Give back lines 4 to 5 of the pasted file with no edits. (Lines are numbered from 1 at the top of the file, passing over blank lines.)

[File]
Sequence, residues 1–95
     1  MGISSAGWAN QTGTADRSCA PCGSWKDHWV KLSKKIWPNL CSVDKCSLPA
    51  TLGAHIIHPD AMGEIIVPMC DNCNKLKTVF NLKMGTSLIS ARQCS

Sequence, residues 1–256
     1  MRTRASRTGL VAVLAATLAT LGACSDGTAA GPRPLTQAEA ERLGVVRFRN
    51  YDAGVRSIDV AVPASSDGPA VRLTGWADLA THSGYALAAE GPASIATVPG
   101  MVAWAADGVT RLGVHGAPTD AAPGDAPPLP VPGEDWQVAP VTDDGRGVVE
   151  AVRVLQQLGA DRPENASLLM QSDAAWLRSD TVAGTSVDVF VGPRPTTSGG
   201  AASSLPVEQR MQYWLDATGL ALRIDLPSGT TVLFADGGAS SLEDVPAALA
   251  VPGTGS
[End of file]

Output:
Sequence, residues 1–256
     1  MRTRASRTGL VAVLAATLAT LGACSDGTAA GPRPLTQAEA ERLGVVRFRN